Legal Tender for Ten Dollars New Zealand

Date

c. 2000

Identifier

Private collection

Type

Publisher

Unpublished

Abstract

New Zealand was the first country in the world to grant women the right to vote. Kate Sheppard (née Malcolm; 1848-1934), whose face graces New Zealand’s ten dollar bill, was instrumental in making that happen. The campaign for women’s suffrage was fuelled by the realisation that temperance and welfare reforms could be passed through legislation more easily if women had the vote, and representation in Parliament. So, Sheppard, as the National Superintendent of Franchise and Legislation Department of the New Zealand Women’s Christian Temperance Union, helped to gather 30,000 petition signatures. As a result, all women aged over 21 gained the right to vote in 1893 – a long wait for women since democracy had begun in Athens some 2500 years before.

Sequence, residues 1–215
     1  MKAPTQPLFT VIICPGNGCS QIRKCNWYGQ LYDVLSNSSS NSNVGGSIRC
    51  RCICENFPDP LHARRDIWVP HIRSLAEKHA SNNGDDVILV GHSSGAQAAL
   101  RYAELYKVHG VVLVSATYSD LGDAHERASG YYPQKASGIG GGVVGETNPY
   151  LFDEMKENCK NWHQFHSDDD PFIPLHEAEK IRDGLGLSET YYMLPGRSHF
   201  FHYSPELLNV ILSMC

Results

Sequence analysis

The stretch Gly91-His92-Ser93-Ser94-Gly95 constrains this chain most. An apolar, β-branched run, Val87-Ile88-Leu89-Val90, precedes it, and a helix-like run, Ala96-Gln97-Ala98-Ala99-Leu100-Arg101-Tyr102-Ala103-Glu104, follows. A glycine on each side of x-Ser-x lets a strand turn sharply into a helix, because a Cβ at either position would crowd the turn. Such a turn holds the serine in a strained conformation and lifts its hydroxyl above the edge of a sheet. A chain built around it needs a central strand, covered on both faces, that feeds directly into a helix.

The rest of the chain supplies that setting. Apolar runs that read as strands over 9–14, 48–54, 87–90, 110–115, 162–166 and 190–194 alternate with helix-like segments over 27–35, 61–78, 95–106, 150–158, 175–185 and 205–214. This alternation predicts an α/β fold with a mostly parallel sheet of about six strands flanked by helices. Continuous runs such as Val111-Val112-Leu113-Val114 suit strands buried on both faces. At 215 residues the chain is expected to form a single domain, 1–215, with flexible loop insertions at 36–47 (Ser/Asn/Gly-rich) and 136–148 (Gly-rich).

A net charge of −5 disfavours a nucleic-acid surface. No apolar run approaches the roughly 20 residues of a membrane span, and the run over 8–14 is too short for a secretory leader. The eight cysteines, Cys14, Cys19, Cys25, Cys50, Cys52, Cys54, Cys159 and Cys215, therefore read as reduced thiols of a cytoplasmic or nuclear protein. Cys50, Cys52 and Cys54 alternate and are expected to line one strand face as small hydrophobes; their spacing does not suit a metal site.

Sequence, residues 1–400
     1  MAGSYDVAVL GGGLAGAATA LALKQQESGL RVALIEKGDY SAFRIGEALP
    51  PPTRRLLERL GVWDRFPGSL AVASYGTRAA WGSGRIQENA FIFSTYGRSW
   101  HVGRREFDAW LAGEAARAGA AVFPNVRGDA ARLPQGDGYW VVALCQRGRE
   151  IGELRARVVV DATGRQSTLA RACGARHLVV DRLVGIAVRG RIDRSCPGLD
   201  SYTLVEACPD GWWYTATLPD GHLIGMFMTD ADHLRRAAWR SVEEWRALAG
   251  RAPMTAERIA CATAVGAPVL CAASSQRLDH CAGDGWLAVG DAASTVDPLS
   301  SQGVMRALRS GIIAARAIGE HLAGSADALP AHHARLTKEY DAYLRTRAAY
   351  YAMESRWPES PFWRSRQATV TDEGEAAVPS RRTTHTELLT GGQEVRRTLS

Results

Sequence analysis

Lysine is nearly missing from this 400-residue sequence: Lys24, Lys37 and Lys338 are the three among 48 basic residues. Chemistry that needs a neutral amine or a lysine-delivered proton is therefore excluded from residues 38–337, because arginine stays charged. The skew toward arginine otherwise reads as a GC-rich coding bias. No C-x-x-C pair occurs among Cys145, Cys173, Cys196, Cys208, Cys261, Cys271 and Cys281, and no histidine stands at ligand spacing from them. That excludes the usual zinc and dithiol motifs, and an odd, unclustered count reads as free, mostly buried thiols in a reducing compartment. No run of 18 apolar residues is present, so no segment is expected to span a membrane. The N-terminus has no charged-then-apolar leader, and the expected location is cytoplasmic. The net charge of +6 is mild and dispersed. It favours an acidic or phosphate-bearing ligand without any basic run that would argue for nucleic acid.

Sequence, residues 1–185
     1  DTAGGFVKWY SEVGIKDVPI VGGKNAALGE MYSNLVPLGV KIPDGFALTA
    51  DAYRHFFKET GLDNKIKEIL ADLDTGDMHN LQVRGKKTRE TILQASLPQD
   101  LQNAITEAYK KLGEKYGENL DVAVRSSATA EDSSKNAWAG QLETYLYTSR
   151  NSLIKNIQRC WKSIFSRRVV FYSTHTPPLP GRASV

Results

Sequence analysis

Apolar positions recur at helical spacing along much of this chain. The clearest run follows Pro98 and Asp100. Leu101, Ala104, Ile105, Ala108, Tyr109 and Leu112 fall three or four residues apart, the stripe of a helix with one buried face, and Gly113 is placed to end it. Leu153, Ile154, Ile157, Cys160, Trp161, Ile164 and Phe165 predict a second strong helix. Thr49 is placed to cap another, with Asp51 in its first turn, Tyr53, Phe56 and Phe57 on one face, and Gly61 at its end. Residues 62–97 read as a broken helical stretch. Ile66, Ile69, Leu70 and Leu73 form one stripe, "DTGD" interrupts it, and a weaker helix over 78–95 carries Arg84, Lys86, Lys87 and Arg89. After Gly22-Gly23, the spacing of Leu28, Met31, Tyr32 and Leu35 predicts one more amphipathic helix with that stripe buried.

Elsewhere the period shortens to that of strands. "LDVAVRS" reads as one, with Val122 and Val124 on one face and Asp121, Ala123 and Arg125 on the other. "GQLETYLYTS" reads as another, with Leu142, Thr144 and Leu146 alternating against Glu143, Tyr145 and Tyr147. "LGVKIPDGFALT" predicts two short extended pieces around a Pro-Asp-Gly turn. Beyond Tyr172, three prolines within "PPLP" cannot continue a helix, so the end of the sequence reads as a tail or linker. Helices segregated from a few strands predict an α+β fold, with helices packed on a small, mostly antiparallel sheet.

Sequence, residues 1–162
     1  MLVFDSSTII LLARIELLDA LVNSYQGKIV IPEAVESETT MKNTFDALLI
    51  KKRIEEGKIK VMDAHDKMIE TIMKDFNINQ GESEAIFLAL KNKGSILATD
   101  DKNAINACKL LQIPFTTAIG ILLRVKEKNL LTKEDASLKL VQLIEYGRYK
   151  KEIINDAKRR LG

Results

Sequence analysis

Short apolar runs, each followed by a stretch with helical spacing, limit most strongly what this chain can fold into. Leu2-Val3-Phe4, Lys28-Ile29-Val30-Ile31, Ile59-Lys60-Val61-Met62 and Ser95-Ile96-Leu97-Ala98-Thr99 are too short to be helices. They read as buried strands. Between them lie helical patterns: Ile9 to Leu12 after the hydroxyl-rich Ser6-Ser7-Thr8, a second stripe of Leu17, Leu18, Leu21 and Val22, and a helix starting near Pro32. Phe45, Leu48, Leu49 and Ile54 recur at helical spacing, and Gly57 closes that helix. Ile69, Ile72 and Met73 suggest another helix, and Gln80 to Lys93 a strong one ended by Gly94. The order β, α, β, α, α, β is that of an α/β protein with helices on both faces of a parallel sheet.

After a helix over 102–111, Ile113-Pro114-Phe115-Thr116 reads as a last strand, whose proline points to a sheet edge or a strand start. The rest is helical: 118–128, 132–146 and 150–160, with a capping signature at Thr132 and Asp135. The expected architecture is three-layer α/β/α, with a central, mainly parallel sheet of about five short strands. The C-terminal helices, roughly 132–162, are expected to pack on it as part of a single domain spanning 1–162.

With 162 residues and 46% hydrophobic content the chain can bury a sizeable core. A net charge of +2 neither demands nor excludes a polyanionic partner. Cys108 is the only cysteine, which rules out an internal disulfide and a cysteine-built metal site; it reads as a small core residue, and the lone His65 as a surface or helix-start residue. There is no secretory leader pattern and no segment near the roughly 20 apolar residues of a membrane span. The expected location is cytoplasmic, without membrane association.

Files

cab 1 shephard.jpg

Citation

The Reserve Bank of New Zealand, “Legal Tender for Ten Dollars New Zealand,” ourheritage.ac.nz | OUR Heritage, accessed March 24, 2023, https://otago.ourheritage.ac.nz/items/show/11328.